I studied senior high in a private catholic school, and this book served as a time-travelling machine going back to that time.
Michael is an atheist. So as he walks through the doors at St. Clare’s—a strict Catholic school—sporting a plaid tie, things can’t get much worse. His dad has just made the family move again, and Michael needs a friend. When a girl challenges their teacher in class, Michael thinks he might have found one, and a fellow nonbeliever at that. Only this girl, Lucy, is not just Catholic . . . she wants to be a priest.
But Lucy introduces Michael to other St. Clare’s outcasts, and he officially joins Heretics Anonymous, where he can be an atheist, Lucy can be an outspoken feminist, Avi can be Jewish and gay, Max can wear whatever he wants, and Eden can practice paganism. After an incident in theology class, Michael encourages the Heretics to go from secret society to rebels intent on exposing the school’s hypocrisies. When Michael takes one mission too far—putting the other Heretics at risk—he must decide whether to fight for his own freedom, or rely on faith, whatever that means, in God, his friends, or himself.
Katie Henry’s writing was easy to follow through. I like the metaphors she used and the humorous way of narration. However, I find Michael’s voice inconsistent. He can sound intellectual now, but be naive later. He can be funny and witty, but gets easily irritated at some point.
A lot of lines in this book are quotable, so there is that.
“The only thing more dangerous than someone who doesn’t care about the rules is someone who does – and wants to break them anyway.”
― Heretics Anonymous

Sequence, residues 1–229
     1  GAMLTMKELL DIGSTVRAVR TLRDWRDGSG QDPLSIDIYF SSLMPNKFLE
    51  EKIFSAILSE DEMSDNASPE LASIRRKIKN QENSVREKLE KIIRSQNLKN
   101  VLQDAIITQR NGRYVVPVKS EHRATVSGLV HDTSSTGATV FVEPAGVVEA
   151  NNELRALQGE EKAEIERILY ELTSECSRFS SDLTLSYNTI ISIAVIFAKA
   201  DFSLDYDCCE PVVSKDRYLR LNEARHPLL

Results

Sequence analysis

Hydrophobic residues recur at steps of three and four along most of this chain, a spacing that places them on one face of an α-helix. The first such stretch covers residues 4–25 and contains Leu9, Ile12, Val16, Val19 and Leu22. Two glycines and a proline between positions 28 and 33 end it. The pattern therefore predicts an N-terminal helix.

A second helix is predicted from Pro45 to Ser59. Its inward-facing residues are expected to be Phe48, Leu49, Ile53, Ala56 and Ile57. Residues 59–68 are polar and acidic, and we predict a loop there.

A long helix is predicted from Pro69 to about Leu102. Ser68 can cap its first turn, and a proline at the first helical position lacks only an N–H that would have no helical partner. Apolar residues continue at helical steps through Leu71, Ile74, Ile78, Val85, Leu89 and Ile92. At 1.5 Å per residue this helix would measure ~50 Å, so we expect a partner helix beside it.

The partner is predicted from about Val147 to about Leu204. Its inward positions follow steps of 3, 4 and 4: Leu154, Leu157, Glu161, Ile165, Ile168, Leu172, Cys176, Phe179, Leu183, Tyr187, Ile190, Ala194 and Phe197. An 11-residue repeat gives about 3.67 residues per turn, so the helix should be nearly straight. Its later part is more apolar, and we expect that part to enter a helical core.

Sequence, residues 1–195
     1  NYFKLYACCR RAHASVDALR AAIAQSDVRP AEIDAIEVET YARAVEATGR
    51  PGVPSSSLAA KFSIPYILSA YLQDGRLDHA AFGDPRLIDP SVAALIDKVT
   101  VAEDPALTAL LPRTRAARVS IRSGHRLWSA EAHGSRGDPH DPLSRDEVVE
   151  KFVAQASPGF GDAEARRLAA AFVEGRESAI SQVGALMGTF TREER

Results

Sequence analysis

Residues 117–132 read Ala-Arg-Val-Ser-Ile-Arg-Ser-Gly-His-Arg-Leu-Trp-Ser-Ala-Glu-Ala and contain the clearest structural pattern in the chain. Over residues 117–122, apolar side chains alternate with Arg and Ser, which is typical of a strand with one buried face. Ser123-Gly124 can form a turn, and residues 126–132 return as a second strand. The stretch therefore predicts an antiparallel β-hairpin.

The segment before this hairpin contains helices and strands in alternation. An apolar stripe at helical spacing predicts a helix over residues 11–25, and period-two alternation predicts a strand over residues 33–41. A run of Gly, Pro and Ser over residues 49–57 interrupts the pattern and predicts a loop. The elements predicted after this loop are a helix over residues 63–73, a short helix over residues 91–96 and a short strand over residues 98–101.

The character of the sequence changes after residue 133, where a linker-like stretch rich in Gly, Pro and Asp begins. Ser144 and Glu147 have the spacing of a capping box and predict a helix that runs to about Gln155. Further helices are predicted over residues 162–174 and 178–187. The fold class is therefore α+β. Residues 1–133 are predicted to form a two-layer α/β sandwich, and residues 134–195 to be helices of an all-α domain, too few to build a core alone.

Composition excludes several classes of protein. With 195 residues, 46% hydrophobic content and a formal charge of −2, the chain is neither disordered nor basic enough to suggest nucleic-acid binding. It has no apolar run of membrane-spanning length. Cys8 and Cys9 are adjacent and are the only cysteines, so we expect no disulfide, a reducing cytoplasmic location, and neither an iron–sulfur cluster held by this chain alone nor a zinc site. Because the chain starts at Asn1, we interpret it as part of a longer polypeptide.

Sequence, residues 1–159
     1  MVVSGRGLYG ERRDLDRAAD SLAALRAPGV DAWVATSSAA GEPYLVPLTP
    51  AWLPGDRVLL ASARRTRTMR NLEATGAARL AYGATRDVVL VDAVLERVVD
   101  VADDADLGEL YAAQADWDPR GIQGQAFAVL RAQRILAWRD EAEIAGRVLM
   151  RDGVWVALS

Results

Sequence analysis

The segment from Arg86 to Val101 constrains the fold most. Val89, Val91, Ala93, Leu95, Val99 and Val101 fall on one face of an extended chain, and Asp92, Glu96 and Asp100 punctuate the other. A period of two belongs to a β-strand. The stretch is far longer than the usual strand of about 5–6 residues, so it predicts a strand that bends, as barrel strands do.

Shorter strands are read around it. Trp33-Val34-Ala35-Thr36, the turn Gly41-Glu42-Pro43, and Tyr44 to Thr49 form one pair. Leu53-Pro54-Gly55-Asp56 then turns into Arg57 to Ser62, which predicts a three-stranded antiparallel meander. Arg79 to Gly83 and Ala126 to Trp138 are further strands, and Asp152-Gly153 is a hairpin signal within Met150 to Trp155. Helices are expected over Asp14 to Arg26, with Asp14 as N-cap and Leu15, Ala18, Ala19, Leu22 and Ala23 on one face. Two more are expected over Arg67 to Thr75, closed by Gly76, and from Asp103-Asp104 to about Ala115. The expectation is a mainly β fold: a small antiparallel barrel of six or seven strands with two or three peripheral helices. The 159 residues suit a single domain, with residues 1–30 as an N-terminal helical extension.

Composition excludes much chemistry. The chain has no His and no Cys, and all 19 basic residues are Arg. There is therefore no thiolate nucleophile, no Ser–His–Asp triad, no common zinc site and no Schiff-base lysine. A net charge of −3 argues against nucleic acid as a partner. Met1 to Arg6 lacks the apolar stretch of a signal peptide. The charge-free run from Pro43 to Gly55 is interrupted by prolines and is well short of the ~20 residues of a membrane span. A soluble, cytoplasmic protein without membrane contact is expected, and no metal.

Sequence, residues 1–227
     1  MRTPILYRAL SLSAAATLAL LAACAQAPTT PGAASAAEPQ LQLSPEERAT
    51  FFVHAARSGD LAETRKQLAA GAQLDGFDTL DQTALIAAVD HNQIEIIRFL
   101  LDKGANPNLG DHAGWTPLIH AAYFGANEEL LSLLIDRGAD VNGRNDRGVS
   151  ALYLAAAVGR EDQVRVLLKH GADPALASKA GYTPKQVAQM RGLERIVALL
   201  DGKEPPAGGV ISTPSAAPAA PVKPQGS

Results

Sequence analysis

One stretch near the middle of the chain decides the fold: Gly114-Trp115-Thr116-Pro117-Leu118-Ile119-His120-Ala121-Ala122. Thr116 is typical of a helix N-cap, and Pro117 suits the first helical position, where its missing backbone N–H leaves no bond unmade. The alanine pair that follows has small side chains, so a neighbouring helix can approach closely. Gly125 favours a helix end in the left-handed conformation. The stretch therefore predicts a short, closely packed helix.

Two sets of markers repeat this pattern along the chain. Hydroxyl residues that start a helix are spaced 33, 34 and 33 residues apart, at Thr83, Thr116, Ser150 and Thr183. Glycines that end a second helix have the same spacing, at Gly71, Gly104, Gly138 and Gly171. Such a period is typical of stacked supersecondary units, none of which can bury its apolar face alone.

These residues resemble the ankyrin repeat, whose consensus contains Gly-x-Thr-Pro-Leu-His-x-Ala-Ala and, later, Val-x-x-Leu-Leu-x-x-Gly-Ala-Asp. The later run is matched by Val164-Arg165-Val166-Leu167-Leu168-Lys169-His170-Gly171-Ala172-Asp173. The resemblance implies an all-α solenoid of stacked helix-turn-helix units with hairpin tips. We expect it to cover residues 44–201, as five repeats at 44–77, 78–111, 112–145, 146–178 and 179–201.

Like the protagonist, I studied in a private catholic school (for two years). The setting of Heretics Anonymous felt authentic to me and I imagined it to be as a true-to-life story. The rules a catholic school implements in their institution can be unfair indeed, and sometimes you just can’t prevent yourself from wondering if some it were even relevant in molding the students to become a better person. The dress code, how long or what color your hair is, the type of clothes you wear or the color of nail polish you use. Some of it just don’t even make sense.
“That girl’s visible collarbone is distracting me from calculus.” – No Person Ever”
― Heretics Anonymous
There are issues I find in the plot of this book. I feel like the characters lacked of depth. They were not fleshed-out enough. There weren’t enough backstories to each members of Heretics Anonymous, or a backstory about the HA itself (their experience before Michael became a part of it). The journey of the characters throughout the book weren’t enough to make them unforgettable. The ending didn’t stick with me and I find it lacking.
At first, I thought of giving this book a 3.5 star rating, but as I write this review I realize it should be 4 stars. There are personal things that I resonated with the protagonist and elements of the story that I highly appreciate. I don’t think I read a book that tackled religion like this one, no. The set of characters are diverse too. The catholic school setting felt true and relatable. I studied senior high in a private catholic school, and this book served as a time-travelling machine going back to that time.
PS: I wrote a separate spoilery review where I explain certain things that I didn’t like about this book. You can read it on my Goodreads here.
About The Author
“Hi! My name is Katie Henry, and I write books and plays for and about my favorite demographic of people: teenagers. I spent my own teen years in Berkeley, California, an ultra-liberal college town where adolescent rebellion takes the form of eating refined sugars or voting Republican. I moved to New York City for college and decided to stay, even though the avocados here frequently disappoint me. My interests include feminist/liberation theology, medieval history, and overthinking absolutely everything.”